A New Effort to Protect the Legal Right to Peace

By World BEYOND War, October 10, 2021

The Platform for Peace and Humanity has launched its global advocacy programme titled “Towards the enforcement of the right to peace.” The advocacy program aims to strengthen the international legal framework on the human right to peace and crimes against peace by bringing the perspective of young leaders into the discussions.

The program creates the Global Coalition of Youth Ambassadors for the Right to Peace, a global network of young leaders who are campaigning for strengthening the human right to peace and crimes against peace in the global order. More information and how to apply to become a Youth Ambassador for the Right to Peace are here.

World BEYOND War’s Executive Director David Swanson is one of the patrons of the Platform for Peace and Humanity.

The Platform’s mission (as follows) aligns well with World BEYOND War’s:

“Since the creation of the United Nations in 1945, the international community has been actively engaged in the promotion and strengthening of world peace through the adoption of different instruments, laws and resolutions. Some States and stakeholders were promoting the adoption by the Human Rights Council and General Assembly of a new instrument on the right to peace.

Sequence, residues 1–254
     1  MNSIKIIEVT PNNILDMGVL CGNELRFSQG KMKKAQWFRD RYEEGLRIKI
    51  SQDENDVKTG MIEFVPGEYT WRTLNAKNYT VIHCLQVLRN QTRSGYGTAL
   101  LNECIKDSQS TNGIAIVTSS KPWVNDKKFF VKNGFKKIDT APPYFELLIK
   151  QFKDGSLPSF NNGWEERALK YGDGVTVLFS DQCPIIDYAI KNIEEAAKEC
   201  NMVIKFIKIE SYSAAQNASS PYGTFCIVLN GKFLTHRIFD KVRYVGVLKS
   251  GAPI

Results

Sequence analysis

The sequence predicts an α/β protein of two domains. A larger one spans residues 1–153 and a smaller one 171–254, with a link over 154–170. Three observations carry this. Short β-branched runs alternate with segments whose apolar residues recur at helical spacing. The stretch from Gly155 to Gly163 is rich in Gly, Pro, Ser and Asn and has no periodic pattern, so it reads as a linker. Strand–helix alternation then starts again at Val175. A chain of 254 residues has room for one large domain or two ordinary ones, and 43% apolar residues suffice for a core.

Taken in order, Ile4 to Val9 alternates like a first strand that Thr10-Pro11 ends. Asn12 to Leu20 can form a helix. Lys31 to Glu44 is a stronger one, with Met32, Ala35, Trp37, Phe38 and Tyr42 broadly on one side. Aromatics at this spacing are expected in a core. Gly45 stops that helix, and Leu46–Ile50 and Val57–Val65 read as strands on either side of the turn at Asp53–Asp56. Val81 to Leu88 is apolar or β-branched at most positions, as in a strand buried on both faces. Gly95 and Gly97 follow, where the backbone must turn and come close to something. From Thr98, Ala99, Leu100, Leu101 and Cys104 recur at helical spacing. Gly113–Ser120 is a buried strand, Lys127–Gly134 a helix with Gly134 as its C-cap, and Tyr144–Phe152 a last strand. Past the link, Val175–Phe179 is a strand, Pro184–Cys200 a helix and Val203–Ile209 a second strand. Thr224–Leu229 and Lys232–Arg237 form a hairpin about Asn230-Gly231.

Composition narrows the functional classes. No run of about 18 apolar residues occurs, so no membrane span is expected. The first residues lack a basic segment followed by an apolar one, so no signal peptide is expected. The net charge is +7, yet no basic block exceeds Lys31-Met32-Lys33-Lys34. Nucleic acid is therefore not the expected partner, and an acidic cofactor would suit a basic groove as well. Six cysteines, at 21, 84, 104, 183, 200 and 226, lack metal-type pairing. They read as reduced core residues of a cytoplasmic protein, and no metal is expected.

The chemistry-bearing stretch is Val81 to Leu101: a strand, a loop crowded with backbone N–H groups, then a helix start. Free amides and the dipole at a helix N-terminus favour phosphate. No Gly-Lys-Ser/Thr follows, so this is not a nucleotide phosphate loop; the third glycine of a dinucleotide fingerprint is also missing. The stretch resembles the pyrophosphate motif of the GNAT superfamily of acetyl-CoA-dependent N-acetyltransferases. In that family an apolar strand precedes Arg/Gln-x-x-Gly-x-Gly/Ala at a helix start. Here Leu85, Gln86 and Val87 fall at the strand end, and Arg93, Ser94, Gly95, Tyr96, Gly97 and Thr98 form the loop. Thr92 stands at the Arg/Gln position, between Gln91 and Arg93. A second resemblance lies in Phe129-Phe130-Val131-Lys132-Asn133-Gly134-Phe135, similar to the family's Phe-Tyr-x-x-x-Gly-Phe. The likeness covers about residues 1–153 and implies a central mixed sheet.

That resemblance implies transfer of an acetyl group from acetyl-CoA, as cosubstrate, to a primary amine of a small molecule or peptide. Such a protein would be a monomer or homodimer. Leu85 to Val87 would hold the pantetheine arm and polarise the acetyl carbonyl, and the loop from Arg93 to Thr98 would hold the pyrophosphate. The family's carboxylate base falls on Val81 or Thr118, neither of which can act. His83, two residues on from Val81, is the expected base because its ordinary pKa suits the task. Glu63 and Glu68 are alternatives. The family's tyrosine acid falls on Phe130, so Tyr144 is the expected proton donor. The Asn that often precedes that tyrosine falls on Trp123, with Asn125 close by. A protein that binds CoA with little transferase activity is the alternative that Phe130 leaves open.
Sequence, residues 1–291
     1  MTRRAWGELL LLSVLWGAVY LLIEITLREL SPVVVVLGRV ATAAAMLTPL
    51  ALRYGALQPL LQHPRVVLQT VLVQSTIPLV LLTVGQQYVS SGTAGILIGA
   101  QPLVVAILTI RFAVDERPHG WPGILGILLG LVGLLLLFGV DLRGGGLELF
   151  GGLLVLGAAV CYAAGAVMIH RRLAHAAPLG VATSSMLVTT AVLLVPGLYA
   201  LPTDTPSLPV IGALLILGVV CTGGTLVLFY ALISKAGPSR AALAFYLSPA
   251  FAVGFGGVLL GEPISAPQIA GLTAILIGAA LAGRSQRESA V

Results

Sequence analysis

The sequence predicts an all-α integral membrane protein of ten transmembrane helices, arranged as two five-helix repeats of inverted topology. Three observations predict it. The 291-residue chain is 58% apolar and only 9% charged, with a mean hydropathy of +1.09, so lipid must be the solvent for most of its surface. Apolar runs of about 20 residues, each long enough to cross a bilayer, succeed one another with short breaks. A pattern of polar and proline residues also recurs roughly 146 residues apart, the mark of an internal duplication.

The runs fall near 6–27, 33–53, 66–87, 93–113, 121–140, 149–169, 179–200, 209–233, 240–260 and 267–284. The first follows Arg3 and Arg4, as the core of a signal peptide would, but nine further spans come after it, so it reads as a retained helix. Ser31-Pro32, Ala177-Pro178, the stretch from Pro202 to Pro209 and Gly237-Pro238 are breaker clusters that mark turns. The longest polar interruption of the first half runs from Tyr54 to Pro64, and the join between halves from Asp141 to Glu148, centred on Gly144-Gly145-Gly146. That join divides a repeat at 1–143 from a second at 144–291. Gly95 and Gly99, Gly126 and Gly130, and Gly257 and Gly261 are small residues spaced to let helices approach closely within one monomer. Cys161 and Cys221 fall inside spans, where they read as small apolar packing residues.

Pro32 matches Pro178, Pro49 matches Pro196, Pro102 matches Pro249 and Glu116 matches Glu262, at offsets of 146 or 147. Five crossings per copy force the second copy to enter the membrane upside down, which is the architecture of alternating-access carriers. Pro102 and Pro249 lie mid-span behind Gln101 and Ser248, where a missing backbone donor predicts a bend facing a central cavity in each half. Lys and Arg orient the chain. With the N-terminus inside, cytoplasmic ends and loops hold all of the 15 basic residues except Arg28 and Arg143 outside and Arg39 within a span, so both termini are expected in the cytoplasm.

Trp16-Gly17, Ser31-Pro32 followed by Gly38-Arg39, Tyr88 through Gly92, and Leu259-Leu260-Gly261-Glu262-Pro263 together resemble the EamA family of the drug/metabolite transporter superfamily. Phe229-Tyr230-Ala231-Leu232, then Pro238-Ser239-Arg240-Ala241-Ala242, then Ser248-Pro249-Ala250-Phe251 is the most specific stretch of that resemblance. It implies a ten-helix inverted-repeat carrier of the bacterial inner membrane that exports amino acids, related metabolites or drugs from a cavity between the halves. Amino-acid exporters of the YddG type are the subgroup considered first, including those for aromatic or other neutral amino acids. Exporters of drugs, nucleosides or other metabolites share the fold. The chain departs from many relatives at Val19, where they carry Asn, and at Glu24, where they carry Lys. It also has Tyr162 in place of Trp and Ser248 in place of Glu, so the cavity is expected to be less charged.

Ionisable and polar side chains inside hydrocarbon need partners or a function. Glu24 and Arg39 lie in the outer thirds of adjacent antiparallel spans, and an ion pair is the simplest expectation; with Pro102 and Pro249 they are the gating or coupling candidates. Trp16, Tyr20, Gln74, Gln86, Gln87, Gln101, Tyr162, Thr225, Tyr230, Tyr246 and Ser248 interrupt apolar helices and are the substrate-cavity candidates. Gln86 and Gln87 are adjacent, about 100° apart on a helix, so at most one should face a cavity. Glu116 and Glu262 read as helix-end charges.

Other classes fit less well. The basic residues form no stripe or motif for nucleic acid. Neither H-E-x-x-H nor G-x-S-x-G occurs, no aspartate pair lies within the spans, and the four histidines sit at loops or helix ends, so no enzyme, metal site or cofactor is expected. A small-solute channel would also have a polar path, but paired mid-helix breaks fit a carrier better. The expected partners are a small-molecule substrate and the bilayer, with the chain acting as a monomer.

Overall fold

“Despite the past debate, there is not a single binding treaty providing for an enforceable human right to peace and several States still claim that there is no such right in customary international law. Not only is the global order lacking an instrument defining the human right to peace but individuals also do not have a forum where their right to peace can be enforced.

“Codifying the human right to peace as an enforceable right would not only bridge several fields of law, preventing the fragmentation of international law but it will also strengthen the enforcement of several notoriously violated provisions of international law.

“Prosecution of crimes against peace was at the forefront of international criminal justice when World War II was over. However, the early enthusiasm of the global community to work on a statute of a permanent international criminal court was overshadowed by the geopolitical reality of the Cold War and States realized very fast how sensitive any progressive development in this regard can be for their key interests.

“Despite many ambitious drafts throughtout the drafting history of the Rome Statute criminalizing also the threat to commit aggression and intervention in domestic affairs, only a single crime criminalizing the commission of an act of aggression made it into the Rome Statute and even that one, the crime of aggression, was accompanied by complicated negotiations in Rome and Kampala.

“Criminalization of a threat or use of force, intervention in domestic affairs and many other threats to international peace would strengthen the enforcement of international law and contribute to a more peaceful world.”

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